Why hasn't your business embraced social CRM?
The reason probably stems from the confusion about what social CRM is and how companies can integrate online communities into their customer relationship strategies. The hype around social CRM leaves many questions like this:
Luckily, we have the answers.
The truth is that social CRM not a magical new approach to CRM. It is part of the 25 year evolution of customer relationship management and simply adds emotional, sentimental, and behavioral data to existing customer profiles.
In a recent appearance on the Socious web show, ProCommunity, CRM veteran Barton Goldenberg of customer-centric strategy firm, ISM, provided an extensive overview of how organizations are getting impressive results by integrating social communities and into their CRM strategies.
During the conversation Barton outlined clear tips for understanding, implementing, and profiting from adding online community data into your CRM operation. Here are three of the most business-critical points from the discussion.
Launching even a small customer community effort without a clear understanding of what your organization is looking to get out of the strategy is a recipe for confusion and damage to your brand. It also sets a precedent inside your customer relationship team that is difficult to overcome as the initiative expands.
It is important to start out with metrics and business goals attached to your social CRM strategy. From there, you have a multitude of approaches and stepping stones that your company can take to engage your specific customers under your unique resource constraints on your business's timeline.
If your business relies on the strength of customer relationships to grow revenue and retain customers, then social CRM may have important implications for the future of your organization. However, social CRM is not a magical new strategy where customers, partners, and employees only engage on social networks. It is an extension of traditional customer relationship management practices.
By pairing traditional demographic and transactional information with social activity data, you have a more complete picture of your customers' interests, challenges, and view of your products (and organization). Since that rich insight will reside in your central CRM system, it can then be used in all of your customer engagement channels, including email, phone, direct mail, and your website.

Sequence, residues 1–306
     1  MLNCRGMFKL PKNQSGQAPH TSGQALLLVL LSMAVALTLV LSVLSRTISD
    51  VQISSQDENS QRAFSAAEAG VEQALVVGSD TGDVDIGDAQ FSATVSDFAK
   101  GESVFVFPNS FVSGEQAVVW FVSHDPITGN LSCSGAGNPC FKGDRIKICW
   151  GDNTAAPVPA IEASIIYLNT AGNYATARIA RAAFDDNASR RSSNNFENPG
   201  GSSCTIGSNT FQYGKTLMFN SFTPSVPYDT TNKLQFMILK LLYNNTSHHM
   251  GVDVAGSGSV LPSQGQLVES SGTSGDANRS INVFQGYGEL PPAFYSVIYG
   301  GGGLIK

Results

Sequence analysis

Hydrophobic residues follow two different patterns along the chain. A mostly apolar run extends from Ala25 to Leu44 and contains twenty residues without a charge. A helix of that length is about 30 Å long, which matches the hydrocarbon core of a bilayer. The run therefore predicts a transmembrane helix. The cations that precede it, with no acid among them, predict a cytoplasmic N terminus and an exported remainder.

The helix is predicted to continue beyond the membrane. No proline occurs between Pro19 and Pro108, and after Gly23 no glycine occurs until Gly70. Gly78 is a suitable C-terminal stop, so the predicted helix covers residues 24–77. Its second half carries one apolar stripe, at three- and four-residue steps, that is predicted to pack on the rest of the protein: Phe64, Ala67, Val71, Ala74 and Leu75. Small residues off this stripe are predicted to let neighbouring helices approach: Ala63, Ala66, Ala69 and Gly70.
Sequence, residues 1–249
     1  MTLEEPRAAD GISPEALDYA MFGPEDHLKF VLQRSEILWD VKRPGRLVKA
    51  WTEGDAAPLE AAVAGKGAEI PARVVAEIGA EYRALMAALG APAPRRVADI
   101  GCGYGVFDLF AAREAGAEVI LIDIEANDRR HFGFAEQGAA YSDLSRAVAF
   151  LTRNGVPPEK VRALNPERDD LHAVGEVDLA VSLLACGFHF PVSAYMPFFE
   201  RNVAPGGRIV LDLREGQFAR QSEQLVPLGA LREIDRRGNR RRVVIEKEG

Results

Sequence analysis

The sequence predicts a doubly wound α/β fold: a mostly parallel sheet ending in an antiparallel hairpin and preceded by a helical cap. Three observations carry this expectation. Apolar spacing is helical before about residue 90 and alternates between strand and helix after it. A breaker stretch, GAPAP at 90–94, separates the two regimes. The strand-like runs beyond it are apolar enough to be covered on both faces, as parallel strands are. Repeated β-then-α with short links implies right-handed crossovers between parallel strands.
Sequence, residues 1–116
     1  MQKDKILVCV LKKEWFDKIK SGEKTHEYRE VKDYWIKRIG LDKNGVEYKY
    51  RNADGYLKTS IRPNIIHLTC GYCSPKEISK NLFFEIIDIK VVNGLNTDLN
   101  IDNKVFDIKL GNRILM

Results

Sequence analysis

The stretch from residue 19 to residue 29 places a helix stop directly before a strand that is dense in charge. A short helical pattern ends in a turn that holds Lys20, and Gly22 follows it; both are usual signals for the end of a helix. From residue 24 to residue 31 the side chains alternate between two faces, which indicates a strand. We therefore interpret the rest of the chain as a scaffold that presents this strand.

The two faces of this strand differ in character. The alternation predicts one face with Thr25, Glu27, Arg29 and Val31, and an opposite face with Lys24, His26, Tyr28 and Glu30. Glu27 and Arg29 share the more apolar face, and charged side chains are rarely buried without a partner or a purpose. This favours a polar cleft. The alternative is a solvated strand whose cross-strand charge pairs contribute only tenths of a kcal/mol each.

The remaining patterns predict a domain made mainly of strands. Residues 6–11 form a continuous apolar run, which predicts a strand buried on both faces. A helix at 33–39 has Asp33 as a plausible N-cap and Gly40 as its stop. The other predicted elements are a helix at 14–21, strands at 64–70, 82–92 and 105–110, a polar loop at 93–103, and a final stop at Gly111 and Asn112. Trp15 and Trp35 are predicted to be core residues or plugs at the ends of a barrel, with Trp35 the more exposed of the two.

Many businesses treat public and private social networks as an "either/or" proposition with statements like, "Why can't I just create a customer community in Facebook?" There are numerous reasons why companies and membership organizations avoid building customer communities on Facebook or LinkedIn. While both are important, each plays a distinct role in managing customer relationships.
Public social media, like public blogs, tweets, and Facebook status updates, are designed to reach a wide audience of half-engaged people who follow you for the content and information that they would find valuable. The calls-to-action on public social networks should then drive customers and prospects back to your private community where your organization can better engage, track, and convert those audience members.
Social CRM is not another new-age business approach that you have to learn. It simply gives your better insight into your prospects and customers. Adding social data to your customer profiles enables call center reps to better support and upsell customers, sales people to close deals faster, and marketers to tailor messages to address customers' root buying motivations.
Image credit: Sean MacEntee